Tokini Peterside: “Culture is a vehicle to influence perceptions”
There can be something galling about seeing a younger sibling succeed. But, for Tokini Peterside, the glorious show that Ghana put on at the Venice Biennale serves more as inspiration.
[This article first appeared in The Africa Report 108 July-Sept print edition]
There was a lot of questioning about why Nigeria was absent this year,” says Peterside, who adds that Nigeria’s top art and design community is speaking of little else. “[Venice] is such a fantastic place to show the best work of your artists. It’s an opportunity for cultural diplomacy.”
Surrounded by exceptional paintings and photography in her Lagos office, Peterside is a relaxed and reserved presence, passionate about wielding art as a weapon of progress. She founded and directs Art X Lagos, West Africa’s only international art fair, whose fourth edition happens in early November.
The fair does glitz and substance in a way that only Lagos can. At the opening top collectors rub shoulders with the political and business elite. Last year, photographers snapped the Emir of Kano, Lamido Sanusi, in electric-green headgear standing next to imposing pieces of sculpture and mixed-media work.
It is easy to get lost in Nigeria’s problems: rising population and unemployment, mounting ethnic and religious tensions, rampant impunity and exodus. In all this, the sight of members of the elite lifting champagne flutes while taking selfies next to high-concept paintings might seem incongruous.
So, is there a role for art when Nigeria’s parched north is sending hunger and violence southwards?
“There is so much potential for culture to be used as a vehicle to influence people’s perceptions of a country, a destination, a civilisation,” argues Peterside. Of course, the fact that Nigerian musician Davido is climbing the Billboard chart in the US will not immediately reduce the risk premiums on investment into Nigeria.
She adds: “Soft power is not just a squishy concept. It is used very deliberately by European and now Asian powers. And I created the art fair to build that bridge that would enable a curious European or Asian to travel to Nigeria and actually see for themselves.”
And it is working.
“There is a little whispering about ‘What is this thing happening in Lagos?’” says Peterside. “More and more people are showing up. A couple of weeks ago, we had Vanessa Branson [sister of British entrepreneur Richard Branson] choosing to visit Lagos – she set up the Marrakech Biennale a few years ago. She was sharing this buzzing curiosity about what is happening in Nigeria.”
When France’s President Emmanuel Macron visited Femi Kuti’s New Afrika Shrine in July 2018, Peterside led him on a tour to see the work of three artists showing at Art X Lagos.
Many Nigerian artists abroad are doing well.
Painter Njideka Akunyili Crosby, based in Los Angeles, sold a piece for more than $3m in London last year. Now, foreign auction houses like Christie’s and Bonhams are quickly realising that there is a large, discerning and wealthy collector community in Lagos whose members are ready to throw serious money at serious art.
Some artists are returning home, like Victor Ehikhamenor. He used to be based in the US and is now a leading campaigner for the return of African art to the continent from European museums.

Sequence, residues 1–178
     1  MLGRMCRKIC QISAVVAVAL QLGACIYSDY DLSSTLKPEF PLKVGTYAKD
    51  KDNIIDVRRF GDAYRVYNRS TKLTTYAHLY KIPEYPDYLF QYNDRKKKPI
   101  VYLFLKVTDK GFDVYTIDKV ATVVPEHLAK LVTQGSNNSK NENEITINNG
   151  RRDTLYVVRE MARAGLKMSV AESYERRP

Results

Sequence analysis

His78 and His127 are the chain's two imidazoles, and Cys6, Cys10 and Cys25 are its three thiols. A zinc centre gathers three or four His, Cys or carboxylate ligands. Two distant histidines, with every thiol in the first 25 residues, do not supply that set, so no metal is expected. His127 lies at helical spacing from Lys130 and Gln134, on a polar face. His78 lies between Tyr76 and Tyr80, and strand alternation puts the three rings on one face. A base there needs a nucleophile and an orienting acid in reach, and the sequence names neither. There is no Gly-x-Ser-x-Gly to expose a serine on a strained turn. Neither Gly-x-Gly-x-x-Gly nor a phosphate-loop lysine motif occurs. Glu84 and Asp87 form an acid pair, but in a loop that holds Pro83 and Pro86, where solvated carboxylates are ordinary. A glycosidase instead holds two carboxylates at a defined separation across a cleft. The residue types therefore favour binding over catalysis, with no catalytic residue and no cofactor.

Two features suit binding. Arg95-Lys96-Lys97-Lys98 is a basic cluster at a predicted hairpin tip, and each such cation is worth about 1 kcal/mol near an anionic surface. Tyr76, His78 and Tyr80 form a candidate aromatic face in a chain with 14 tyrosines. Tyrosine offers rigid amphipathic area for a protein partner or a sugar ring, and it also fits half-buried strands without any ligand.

UK auction house Bonhams has twice held auctions in Lagos to allow collectors to bid for modern art masterpieces.
An auction was held simultaneously in London and at the Wheatbaker Hotel in Ikoyi, Lagos, – with bids also flying across the Atlantic to secure the work of 20th-century African masters such as Ben Enwonwu, Gerald Sekoto and Ahmad Shibrain.
The international interest means Art X Lagos keeps growing.
Last year, there were 18 galleries taking part; this year there will be around 25, demanding a new, more spacious location. Previous editions had been held in the Civic Centre, lagoon-side. Galleries from Ghana, South Africa, Kenya, Uganda, Côte d’Ivoire, France and Germany will take part.
More money and exposure for Nigeria is only the start. In the same way that the soft power of culture can help a country abroad, it can also help it at home. For Peterside, art can unravel and remix the old ways of thinking about national identity that have plagued Nigeria since it was stapled together by the British
in the colonial era.
A new museum in Lagos
Big local collectors see the point, too. Prince Yemisi Shyllon, who has the largest art collection in Nigeria, is teaming up with the Pan-Atlantic University to create a museum to house his collection. “Among which will be, for example, some very important Yoruba artefacts,” says Peterside.
“There really is no substitute for knowing where you come from,” says Peterside, who recalls going to school in the UK and learning endless lessons about European history. And so she champions the inclusive role art and museums can play in creating spaces for Nigerians to have difficult conversations. “When I travel to Paris or London, I see endless classes of schoolchildren going to sit in the galleries to learn,” says Peterside, who wants Nigeria to seize the opportunity to do the same.
That may indeed start at the art fair itself.
Because Peterside has ascended to a position of power in the art world at a relatively young age – the daughter of Atedo Peterside, founder of Stanbic IBTC Bank is still in her mid-thirties – she can play a bridging role between generations.
She argues that this has helped her bring in a new wave of people who “had thus far been excluded from this world of art appreciation in Nigeria, which has typically been focused on those with the spending power.” Her goal is “to enable someone who doesn’t have very much money in their bank account to feel as though they are a valid visitor.”
Had she been older, she says, it may have been “a bit of a challenge for me to design something so open and so robust.”